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Unesco propose adding Stonehenge to world heritage ‘danger list’

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Unesco propose adding Stonehenge to world heritage ‘danger list’

Stonehenge has been put forward as an addition to “the World Heritage in Danger” list by the United Nations Educational, Scientific and Cultural Organisation (Unesco).

The UN organisation’s World Heritage Committee has published a draft decision to add the ancient monument in Wiltshire to the list, which aims to support conservation action and international assistance on threatened sites.

It comes amid ongoing concerns and lengthy legal battles over plans to build a nearby road tunnel to ease pressure on the A303.

Save Stonehenge World Heritage Site (SSWHS) lost a High Court challenge in February over Transport Secretary Mark Harper’s backing of plans, which include the two-mile tunnel, to overhaul eight miles of the road.

The UN draft document notes: “The proposed A303 Scheme remains a threat to the Outstanding Universal Value (OUV) of the property.”

The World Heritage Committee (WHC) will vote on adding the site to the danger list at a meeting in New Delhi between July 21 and 31.

National Highways said the plan for the tunnel would remove the sight and sound of traffic passing the site and cut journey times.

However, the Stonehenge Alliance, which is campaigning against the tunnel, has welcomed the committee’s proposals.

Historian Tom Holland, the group’s president, said: “When in a hole, stop digging – and when the hole is one that has been dug by your political opponents, definitely stop digging.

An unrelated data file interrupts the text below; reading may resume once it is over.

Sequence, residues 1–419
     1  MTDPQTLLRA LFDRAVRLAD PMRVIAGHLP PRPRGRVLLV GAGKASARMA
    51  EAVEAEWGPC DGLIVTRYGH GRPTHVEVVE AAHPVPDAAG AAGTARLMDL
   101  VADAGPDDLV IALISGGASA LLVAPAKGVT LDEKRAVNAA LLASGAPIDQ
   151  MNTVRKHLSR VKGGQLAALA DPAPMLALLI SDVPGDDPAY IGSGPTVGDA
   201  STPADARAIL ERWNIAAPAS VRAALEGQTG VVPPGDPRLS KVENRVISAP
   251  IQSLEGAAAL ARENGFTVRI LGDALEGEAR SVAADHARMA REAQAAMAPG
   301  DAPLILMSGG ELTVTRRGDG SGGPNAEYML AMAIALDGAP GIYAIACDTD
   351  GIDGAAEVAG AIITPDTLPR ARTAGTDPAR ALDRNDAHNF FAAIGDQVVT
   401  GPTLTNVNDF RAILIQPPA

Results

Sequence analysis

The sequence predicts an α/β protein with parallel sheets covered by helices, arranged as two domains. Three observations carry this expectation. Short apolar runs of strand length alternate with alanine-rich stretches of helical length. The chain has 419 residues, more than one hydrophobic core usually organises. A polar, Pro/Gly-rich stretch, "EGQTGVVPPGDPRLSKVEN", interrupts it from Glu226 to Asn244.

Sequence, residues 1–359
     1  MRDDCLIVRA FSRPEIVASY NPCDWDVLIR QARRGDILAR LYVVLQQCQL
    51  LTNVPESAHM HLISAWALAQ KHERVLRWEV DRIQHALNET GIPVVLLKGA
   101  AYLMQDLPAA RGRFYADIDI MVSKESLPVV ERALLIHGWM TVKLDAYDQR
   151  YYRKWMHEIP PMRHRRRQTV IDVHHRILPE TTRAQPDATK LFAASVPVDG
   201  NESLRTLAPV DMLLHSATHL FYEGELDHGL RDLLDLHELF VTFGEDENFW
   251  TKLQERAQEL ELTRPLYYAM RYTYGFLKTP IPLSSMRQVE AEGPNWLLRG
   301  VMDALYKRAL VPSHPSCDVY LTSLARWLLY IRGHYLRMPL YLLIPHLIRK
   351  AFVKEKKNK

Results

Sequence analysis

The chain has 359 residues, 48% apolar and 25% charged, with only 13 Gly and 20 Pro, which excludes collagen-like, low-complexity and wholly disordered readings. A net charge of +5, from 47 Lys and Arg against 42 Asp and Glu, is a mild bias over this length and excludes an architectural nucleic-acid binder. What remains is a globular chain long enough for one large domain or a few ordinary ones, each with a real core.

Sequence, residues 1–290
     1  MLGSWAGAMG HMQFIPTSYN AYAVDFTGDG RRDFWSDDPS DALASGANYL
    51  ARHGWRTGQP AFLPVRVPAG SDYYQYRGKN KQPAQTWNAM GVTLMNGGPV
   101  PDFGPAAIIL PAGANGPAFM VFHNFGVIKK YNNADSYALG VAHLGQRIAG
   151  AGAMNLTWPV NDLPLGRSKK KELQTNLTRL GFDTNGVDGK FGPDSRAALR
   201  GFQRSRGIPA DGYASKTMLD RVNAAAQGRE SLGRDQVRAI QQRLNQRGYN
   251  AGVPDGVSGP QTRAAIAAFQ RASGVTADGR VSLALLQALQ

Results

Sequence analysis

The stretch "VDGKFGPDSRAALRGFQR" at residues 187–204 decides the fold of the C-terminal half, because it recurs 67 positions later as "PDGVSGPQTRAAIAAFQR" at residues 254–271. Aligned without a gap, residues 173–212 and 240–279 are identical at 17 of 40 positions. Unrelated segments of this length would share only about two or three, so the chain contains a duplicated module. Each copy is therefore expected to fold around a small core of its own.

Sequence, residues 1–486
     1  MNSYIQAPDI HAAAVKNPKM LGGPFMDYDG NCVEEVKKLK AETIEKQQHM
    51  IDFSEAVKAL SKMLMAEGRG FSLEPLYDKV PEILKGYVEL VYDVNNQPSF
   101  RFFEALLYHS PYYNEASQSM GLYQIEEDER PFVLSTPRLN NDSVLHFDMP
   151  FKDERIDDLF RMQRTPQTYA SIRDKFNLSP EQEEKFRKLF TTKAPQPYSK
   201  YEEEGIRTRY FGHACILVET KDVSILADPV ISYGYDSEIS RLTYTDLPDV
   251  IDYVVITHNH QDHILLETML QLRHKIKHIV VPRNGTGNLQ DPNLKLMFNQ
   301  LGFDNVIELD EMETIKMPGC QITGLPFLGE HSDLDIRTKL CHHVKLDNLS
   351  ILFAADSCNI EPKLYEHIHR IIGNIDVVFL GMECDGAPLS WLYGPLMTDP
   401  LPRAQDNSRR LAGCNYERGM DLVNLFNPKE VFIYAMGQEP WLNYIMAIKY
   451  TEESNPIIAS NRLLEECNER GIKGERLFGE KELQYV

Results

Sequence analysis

“The new government will have the perfect opportunity to reverse a road scheme that is not only ludicrously expensive but risks huge damage to the country’s international reputation.

“We hope that whoever comes to power next week will seize it.”

John Adams, a SSWHS director, said: “This is a damming verdict on National Highways’ plans.

“Whichever way you look at it, this scheme will be hugely damaging and should be scrapped.

“The money should be spent instead on improving public transport links to and around the South West.

“That would be the best way of reducing pressure on the A303, while still retaining the view of the Stones for passing travellers.”

The Stonehenge site, with Avebury, was declared by Unesco to be a world heritage site of outstanding universal value in 1986 on account of the size of the megaliths, the sophistication of their concentric plans and the complexes of neolithic and bronze age sites and monuments.

The A303 is a congestion hotspot, with drivers heading to and from the South West during peak holiday periods often stuck in long queues on the single-carriageway stretch near the stones.

Published: by Radio NewsHub

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